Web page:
Legowelt On Why He Loves The Roland JV2080

This video, via Future Music Magazine, features Legowelt sharing his thoughts on the Roland JV-2080 64-Voice Synthesizer Module.

The JV-2080, released in 1997, uses a sample + synthesis synth architecture.

Key Features:

  • Accommodates up to 8 user-installable sound expansion boards, allowing access to approximately 2,900 patches when fully expanded
  • 768 internal patches; 16MB of wave data expandable to 144MB (16-bit linear format)
  • 320 x 80 dot graphic backlit LCD
  • Patch Finder function groups similar patches from internal banks, expansion boards and memory data cards together
  • Phrase Preview function allows users to hear patches within the context of a musical phrase by pressing volume knob; no keyboard needed
  • 3 onboard EFX sets with 40 effects each

If you’ve used the Roland JV-2080, let us know what you think of it!

21 thoughts on “Legowelt On Why He Loves The Roland JV2080

    1. Yep. I’ve recently switched over to an almost entirely digital set-up with a couple of DX7s, a Cazio CZ-1, and a Nord Lead 3.

      The future is digital.

      1. The future of electronic music is composing. Tones are great and will always be interesting. But the future is not about tone. It’s about arrangement.

  1. But it’s not analog!!!!! How can it be any good if it’s not analog???? This guy must be from outerspace! How can you make good tracks drenched in digital reverb and granular delays if you’re not using analog synths? Also, it’s totally not boutique or rare or modular or made in Sweden so it must be total crap.

      1. It’s all about your song-writing, whether you make a great song on Alanog or digital doesn’t matter, if people buy it then it is good. Roland always put a lot of effort into ensuring the sounds of their instruments were top notch. They haven’t always been able to go wth the trends but they have always caught up. The 2080 is a solid module with great sounds and a musician can rely on those sounds to make any kind of music.

  2. The mad professor with the golden Rolex…. still cool. At least he made that rompler sound interesting!

  3. “…it’s totally not boutique or rare or modular or made in Sweden…”

    Haha. How does the saying go? “All flashing LEDs lead to Sweden.”

  4. Rolands rompler engines have been so much ahead of its competitors, and while its “just” a rompler, it is one of the most intriguing synths out there for me, and that, along with the V-Synth of course, is why I don’t want Roland to go analog.(and never even understood why people were bashing Roland so hard and demanded an analog synth from them). Even when I am mostly an analog+iOS dude, I want some one to be pushing the digital hardware synths too.

    I never had one of these, but I am really looking forward to buying an Integra particularly for getting this rompler engine. The SuperNatural is a bonus for me.

  5. I had a fully expanded JV2080 – and although it’s digital, it has a very full and analog sound (as do all Roland synths). The modern version is the Integra-7 that contains all the SRX expansion sound cards for the JV series of synths (though you have to switch them in & out through a system menu which is a bit odd).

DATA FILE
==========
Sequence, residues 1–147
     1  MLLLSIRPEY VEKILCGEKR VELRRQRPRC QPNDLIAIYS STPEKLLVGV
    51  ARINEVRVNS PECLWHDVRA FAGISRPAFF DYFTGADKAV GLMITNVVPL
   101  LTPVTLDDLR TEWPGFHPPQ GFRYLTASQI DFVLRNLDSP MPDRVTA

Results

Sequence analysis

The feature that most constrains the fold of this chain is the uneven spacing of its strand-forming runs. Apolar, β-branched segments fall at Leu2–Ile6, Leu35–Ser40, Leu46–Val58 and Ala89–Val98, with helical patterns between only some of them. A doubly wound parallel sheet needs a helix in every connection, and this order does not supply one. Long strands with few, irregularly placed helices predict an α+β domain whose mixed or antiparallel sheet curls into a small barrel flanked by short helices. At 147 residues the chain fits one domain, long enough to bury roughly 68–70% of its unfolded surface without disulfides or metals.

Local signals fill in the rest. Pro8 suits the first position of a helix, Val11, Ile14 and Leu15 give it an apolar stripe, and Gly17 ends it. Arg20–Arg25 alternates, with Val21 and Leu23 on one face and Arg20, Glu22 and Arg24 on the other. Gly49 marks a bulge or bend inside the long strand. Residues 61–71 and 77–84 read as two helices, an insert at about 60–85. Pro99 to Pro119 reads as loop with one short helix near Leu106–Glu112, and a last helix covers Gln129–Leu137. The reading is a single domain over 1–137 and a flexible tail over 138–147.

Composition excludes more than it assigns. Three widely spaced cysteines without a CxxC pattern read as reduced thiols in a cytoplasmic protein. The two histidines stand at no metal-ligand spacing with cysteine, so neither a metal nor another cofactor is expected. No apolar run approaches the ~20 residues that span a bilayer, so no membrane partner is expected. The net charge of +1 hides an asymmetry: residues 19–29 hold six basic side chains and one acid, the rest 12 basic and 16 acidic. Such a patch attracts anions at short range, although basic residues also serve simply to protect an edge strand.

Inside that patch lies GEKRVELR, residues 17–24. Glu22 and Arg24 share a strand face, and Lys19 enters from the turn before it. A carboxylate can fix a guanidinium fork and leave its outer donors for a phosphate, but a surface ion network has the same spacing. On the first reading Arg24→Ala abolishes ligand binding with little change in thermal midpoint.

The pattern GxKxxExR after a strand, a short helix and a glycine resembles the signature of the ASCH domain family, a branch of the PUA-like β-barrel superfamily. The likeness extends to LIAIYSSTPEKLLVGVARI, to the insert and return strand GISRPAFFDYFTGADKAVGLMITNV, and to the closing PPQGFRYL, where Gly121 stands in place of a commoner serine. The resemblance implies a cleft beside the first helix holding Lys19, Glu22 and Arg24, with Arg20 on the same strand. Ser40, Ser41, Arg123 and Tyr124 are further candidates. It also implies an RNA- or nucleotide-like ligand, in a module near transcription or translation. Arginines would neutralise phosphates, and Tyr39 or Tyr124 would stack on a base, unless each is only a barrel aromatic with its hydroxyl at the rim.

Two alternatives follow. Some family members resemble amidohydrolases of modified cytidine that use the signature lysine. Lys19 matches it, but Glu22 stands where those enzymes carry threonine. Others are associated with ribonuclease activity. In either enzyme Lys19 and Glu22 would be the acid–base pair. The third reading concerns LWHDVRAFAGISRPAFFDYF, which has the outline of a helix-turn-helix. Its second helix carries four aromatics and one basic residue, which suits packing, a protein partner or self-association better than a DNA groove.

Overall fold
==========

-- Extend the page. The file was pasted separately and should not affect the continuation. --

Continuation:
6. Live to see musicians working cheap old gear. It’s easy to get hung up debating analog/digital, new/vintage or liking for the next latest gadget, when real musicians work what they’ve got.

    1. Never mind, FA-06 and Integra (both has dat engine and more) are so affordable, that they are not letting the prices of old to go too high.

  7. Have a JV-1080 with 2 cards. Haven’t played it in years. Also have a Yamaha FS-1r that hasn’t been played either. And a Casio CZ-1.

    Loved all of those machines. Especially when I used them with 2 Alesis MMT-8’s.

    Lately it has been a Frac Rack setup of Blacet & Wiard modules used with a FutureRetro Mobius and a Arturia MiniBrute. Also a Korg ER-1.

    I may get around to syncing it all up some day…

    1. Its morally wrong to own a Yamaha FS1R and not play it! 😀 Its a major secret weapon, like an E-mu Morpheus and similarly playable out of the box because sounds that are already moving nicely tend to move even more when you start pedaling and modulating. Some people look on JV-style synths as outdated, but having used a bit of everything at some point, I encourage you not to dismiss them. These powerhouse modules cover many important bases easily, thereby freeing you up in other ways. Its saved my natural @$$ many times to have good pianos/pads/event sounds immediately at hand. I could then focus on the finer points of my goals, often with more specialized synths. Even if you are of a more experimental or dance slant, don’t dismiss the idea that at some point, you will almost certainly need a good bassoon for something. 😉 The best thing about this video: his use of an external sequencer. Tuck that side-technique away for future reference. Little keepers like that can often win the day.

  8. not convinced- the patches he was playing with could have been made by any rompler of the day. I admit that if the synth engines are good enough SOME interesting sounds can be made with romplers but I can’t be the only one here who finds Roland’s compression sonics of those days fatiguing to the ear,, infact with Roland that’s still largely the case
    AS Atom Tm says its “corporate sound” ( he was speaking generally, not about roland)

  9. Can anyone direct me to a free sysex editor for the 2080? I didnt have any luck with the panel for Ctrlr….

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